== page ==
Baptism, a sacrament and commitment

Rev. Tracy Heilman
Thursday, May 17, 2018
Article Image Alt Text

Courtesy photo
            Tracy Heilman

Journeys in Faith

Last Sunday, Mother’s Day, in the Columbus Community Congregational Church we celebrated the baptism of two children, one in his mother’s arms while big brother stood at their side. Baptism is one of the sacraments that serve as signs of the connection between the commonplace and the sacred, the everyday and the holy.

Baptism acknowledges what God already knows, that one is known by God, claimed by God, named as a beloved child of God. Each of us is called to remember that we too are known by God and named Beloved Child of God. It is a powerful and empowering moment.

Each Baptism is not just about the one(s) being baptized or one’s own baptism. People in the congregation vow to take a role in nurturing the child in the future. Baptism also means being baptized into the Christian Church universal.

We represent not just a particular congregation, but also all of the churches who will take part in raising these children through their childhood and beyond.

Just as we represent more than a particular church, we extend our vows to more than these particular children. In each Baptism, our vows encompass all children, those children who sit on our chancel steps and those we have never seen. Those who are young and impressionable and those who have grown and aged. The vows we make are to all God’s children.

God’s children. Not just the ones related to us by blood or marriage or choice. Not just the ones who attend our church or go to our schools. They are our children because they are part of our world; because our decisions impact their lives; because their lives . . . deaths, their successes . . . and failures, have an impact on our lives.

One of my favorite writers, Barbara Kingsolver, points out that “since the advent of child-labor laws, children have come to hold an increasingly negative position in the economy. They’re spoken of as a responsibility, a legal liability, and encumbrance or, if their mothers are unwed or on welfare, a mistake that should not be rewarded.”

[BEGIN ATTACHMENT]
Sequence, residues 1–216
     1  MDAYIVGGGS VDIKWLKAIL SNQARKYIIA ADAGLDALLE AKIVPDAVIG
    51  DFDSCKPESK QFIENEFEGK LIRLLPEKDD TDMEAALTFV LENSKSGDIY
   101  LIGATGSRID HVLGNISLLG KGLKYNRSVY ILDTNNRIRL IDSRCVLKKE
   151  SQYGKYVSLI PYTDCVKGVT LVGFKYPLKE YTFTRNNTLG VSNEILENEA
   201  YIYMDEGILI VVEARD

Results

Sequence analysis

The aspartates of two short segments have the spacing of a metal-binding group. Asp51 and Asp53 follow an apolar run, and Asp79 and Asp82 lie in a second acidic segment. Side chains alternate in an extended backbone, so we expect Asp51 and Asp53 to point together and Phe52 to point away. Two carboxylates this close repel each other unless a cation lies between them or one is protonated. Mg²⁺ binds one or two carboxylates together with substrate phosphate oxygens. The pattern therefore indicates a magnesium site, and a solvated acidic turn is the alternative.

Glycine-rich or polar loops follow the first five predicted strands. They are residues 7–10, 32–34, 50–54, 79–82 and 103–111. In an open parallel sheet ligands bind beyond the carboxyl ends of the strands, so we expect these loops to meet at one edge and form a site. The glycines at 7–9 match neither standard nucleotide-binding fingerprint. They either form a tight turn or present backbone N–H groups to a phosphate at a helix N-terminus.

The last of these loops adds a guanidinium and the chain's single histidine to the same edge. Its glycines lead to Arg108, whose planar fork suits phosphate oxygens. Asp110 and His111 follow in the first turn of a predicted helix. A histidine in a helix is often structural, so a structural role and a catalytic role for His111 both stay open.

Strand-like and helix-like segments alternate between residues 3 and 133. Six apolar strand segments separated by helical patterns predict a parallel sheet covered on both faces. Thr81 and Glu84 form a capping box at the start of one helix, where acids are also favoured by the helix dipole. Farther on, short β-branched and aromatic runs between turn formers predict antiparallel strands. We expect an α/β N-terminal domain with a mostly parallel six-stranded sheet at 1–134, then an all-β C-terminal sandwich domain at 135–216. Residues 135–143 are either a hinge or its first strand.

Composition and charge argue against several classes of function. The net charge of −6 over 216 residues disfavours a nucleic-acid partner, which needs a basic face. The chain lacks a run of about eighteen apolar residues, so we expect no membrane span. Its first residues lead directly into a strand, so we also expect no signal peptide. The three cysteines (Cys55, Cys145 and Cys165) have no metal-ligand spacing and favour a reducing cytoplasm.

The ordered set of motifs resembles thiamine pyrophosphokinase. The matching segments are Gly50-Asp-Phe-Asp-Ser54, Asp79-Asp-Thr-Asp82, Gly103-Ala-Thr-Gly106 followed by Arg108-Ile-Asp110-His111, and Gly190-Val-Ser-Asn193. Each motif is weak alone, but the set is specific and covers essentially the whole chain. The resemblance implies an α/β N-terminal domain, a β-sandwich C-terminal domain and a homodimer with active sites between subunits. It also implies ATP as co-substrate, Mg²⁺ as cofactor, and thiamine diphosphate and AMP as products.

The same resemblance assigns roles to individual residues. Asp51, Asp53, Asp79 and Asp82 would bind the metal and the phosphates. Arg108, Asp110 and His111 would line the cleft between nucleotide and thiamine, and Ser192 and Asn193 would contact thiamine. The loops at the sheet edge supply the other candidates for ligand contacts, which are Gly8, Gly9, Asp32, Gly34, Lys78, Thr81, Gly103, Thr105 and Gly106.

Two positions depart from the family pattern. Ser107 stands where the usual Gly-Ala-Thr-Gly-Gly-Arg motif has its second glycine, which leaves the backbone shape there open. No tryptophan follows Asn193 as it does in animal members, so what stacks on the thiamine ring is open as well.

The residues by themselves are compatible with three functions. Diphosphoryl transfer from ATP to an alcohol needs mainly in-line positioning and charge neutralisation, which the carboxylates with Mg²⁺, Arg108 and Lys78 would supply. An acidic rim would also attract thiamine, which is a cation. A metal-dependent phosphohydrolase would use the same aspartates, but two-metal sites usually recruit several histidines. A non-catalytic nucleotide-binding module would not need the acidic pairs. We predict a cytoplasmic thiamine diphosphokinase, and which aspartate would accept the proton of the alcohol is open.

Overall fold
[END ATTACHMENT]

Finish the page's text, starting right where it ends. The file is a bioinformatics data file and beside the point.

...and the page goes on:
We see this in school districts with reduced budgets because voters are not willing to pay higher taxes, communities who are reluctant to accept immigrants for fear they will take away jobs, and refugees for fear they are somehow dangerous. In effect we say, those ones are not our children, they aren’t part of our family, they don’t deserve our care.

But scripture tells us that we belong to more than our family of origin, and our community is broader than our zip code. Created as we are in the Image of God, we all are part of God’s family. As Paul writes in Galatians 3, ‘in our baptism we are no longer Jew nor Greek, slave nor free, male nor female. We are no longer separated by ethnicity, by economics or by gender. We are one in Christ.’

In baptism, Christians vow to accept children as members of the family of God. We vow to enfold children in our love. We vow to live lives modeled after Jesus Christ. We vow to support the parents. I want us to take these vows very seriously. I want us to know and feel that these are not just words that we say but sacred commitments that we will not shirk, holy words that we will make real.

In baptism we make a sacred commitment to accept children as members of our family. Family members look out for one another, come together when one is hurting, and celebrate each other’s accomplishments. Let us take our role as family seriously enough that we will take the time to notice the pain in our children’s eyes. And let us also be courageous enough to see the pain in the eyes of the children of Syria and Central America. As we will celebrate the accomplishments of our youth, let us work tirelessly so that ever more children have access to education, tools, and encouragement that will enable them to accomplish their dreams.

We have made a sacred commitment to enfold our children in our love. Not just a sentimental, “Oh aren’t they cute,” kind of love. But a love that is willing to work. Our children and youth need your love, your attention. They need you to speak to them and for them. They need you to work with them and for them. They need you to have faith in them, a faith that will allow them to attempt something new, perhaps to fail and then try again.

It’s not just local children and youth who need our enacted love. It’s the runaway teen seeking shelter at Tumbleweed, children throughout our country who go to bed hungry, and ones throughout our world who are orphaned or made homeless by war and disaster.

My prayer is that God will turn from these children toward us, hear the sacred commitments that we make, and will watch as the years unfold and the commitments are kept and say to us, “well done, good and faithful servants.”